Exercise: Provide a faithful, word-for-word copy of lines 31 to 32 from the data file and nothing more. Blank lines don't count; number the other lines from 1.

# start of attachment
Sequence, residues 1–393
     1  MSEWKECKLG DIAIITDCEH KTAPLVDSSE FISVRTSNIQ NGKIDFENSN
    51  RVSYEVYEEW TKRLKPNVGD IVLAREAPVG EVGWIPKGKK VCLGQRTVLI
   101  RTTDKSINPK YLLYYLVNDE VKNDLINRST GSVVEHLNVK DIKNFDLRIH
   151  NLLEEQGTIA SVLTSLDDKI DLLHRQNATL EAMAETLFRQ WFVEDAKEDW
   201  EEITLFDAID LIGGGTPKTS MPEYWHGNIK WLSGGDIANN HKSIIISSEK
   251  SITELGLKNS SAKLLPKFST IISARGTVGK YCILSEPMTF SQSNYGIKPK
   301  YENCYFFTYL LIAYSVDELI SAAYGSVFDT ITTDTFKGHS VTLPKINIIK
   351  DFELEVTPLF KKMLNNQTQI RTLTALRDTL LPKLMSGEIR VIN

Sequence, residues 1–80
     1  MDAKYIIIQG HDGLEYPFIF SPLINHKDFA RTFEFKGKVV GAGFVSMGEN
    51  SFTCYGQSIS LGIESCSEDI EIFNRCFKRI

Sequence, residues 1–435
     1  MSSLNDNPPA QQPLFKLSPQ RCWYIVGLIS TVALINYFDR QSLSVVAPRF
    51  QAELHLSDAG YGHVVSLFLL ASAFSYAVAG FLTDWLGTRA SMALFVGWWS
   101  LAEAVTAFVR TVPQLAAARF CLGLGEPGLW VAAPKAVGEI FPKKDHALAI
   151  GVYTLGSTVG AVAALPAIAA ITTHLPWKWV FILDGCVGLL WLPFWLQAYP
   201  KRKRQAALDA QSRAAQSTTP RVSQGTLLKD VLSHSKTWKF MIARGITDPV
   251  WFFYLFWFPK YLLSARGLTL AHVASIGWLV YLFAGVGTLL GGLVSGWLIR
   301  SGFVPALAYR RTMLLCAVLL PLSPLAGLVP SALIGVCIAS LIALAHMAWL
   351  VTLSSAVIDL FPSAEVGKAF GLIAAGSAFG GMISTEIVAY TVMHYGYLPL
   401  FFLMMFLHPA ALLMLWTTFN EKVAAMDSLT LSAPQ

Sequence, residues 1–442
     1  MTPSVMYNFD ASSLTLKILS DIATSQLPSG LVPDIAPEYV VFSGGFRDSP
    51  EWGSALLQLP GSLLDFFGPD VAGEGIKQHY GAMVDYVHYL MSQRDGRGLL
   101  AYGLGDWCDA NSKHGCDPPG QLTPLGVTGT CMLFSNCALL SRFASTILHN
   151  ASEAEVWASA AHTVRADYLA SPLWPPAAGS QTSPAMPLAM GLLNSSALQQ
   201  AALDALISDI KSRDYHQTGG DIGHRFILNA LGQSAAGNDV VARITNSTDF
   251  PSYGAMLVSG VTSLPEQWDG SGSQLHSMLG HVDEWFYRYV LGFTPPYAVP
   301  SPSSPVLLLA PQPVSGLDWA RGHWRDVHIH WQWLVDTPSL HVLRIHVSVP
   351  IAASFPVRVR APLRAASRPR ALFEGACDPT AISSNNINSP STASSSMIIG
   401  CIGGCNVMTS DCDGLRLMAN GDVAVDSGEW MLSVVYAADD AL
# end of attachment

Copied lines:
   351  IAASFPVRVR APLRAASRPR ALFEGACDPT AISSNNINSP STASSSMIIG
   401  CIGGCNVMTS DCDGLRLMAN GDVAVDSGEW MLSVVYAADD AL